Humor for Adults
Who Can Handle
Adult Humor

 — by Len Kennedy, Esq.

Why We Should Be Dying to Live
Rather than Living to Die

Death twitches my ear.  “Live,” he says; “I am coming.”

 — Virgil (Publius Vergilius Maro),
Minor Poems, “Copa,” line 38

To die is poignantly bitter, but the idea of having to die without having lived is unbearable.

 — Erich Fromm, Man for Himself: An
Inquiry into the Psychology of Ethics

I’ll tell you this: No eternal reward will forgive us now for wasting the dawn.

 — The Doors, “The Wasp (Texas Radio and
the Big Beat),” from the album L.A. Woman

If you’re like me, you see death as somewhat of an inconvenience.  But if you’re like me, you accept the probability that — contrary to popular superstition — after you die you’re actually dead.  And the acknowledgment of your own mortality motivates you to enjoy your one and only life to the fullest.

     Unfortunately, most people try to deal with their fear of dying by simply denying the reality of death.  They do everything in their power to try to convince themselves that they possess an eternal soul, which will somehow survive the death and decay of their corporeal body.  (Christian Scientists even go so far as to define death as “the lie of life in matter; that which is unreal and untrue; illusion.”)  And they conveniently neglect to ask themselves any questions that could cause them to challenge their cherished belief in an afterlife — for example: If a person’s personality can’t even survive Alzheimer’s disease, how can it possibly survive death?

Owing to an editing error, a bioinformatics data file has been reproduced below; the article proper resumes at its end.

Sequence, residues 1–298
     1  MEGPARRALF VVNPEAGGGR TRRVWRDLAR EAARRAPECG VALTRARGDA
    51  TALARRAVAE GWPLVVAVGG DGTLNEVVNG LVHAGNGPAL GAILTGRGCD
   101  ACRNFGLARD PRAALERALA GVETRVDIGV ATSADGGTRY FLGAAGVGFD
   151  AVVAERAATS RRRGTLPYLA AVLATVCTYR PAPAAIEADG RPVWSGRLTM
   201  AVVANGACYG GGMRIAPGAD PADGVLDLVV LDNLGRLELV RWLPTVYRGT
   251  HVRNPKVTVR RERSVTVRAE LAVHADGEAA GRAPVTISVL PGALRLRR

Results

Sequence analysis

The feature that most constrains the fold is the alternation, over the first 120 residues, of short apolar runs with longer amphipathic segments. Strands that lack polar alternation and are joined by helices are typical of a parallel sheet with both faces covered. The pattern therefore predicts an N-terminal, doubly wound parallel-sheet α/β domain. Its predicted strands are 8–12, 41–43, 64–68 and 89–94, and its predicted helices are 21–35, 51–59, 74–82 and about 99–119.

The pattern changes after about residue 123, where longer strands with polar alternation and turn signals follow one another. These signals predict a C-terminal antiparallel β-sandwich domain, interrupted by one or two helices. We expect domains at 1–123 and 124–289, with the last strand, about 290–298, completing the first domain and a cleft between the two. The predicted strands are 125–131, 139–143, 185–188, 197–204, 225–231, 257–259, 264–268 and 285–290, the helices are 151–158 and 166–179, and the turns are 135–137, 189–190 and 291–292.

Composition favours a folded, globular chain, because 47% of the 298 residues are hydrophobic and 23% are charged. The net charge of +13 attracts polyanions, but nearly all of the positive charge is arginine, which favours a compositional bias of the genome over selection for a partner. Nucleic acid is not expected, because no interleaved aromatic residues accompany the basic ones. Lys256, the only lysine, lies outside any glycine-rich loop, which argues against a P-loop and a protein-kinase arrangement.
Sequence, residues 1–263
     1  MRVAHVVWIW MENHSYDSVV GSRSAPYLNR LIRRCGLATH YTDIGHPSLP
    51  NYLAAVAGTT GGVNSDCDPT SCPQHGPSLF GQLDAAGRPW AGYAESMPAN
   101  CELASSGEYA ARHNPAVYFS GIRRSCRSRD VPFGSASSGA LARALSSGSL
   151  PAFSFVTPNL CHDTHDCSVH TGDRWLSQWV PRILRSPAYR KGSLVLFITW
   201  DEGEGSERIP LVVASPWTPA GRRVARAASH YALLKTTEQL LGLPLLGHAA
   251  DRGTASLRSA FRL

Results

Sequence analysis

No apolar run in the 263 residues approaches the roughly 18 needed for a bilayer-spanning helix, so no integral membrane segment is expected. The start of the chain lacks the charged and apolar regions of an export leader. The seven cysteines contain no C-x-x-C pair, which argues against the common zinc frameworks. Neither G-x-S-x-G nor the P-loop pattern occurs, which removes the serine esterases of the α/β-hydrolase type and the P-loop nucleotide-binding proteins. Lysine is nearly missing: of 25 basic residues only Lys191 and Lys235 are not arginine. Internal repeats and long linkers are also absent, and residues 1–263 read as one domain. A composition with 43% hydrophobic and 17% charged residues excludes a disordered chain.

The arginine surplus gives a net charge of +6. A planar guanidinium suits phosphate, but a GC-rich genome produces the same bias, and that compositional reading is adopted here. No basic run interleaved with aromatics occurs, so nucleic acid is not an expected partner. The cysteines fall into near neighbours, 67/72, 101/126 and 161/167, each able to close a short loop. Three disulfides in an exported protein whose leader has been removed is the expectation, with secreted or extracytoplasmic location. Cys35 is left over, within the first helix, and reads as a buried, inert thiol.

But I have a sneaking suspicion that — deep down inside — most people intuitively understand that they do really die when they die.  After all, when people think they are just about to die, they tend to instinctively bristle with fear.  Now, why should the thought of going to heaven scare the hell out of them?

A Comforting Superstition

In 1995, due to a genetic abnormality, I suffered what’s called a spontaneous pneumothorax, in which my left lung collapsed because a bleb — a blister on the surface of the lung — burst, causing air to seep into the pleural space between the lung and the chest cavity.

     That first time my lung collapsed, all the doctor had to do was insert a tube into my chest cavity and suck the air out of it, thereby reinflating the lung.  But in 1999, my lung collapsed again, necessitating surgery to prevent it from happening yet again.  And this second collapsed lung was far more serious than the first — it was what’s called a tension pneumothorax: The pressure from my chest cavity filling up with air was forcing my heart up into my rib cage, and if I hadn’t gotten to the emergency room as quickly as I did, I undoubtedly would have died.

     One of the many things that went through my mind when I was in the hospital was that I’d never get to meet my father, who had left when I was one and a half years old.  For years, I had been planning to look him up, since he only lived a short drive away, but I kept putting it off, always thinking I had plenty of time.

     It wasn’t long after my little brush with death, however, that my father died of bone cancer.  (We Kennedys aren’t exactly known for our longevity.)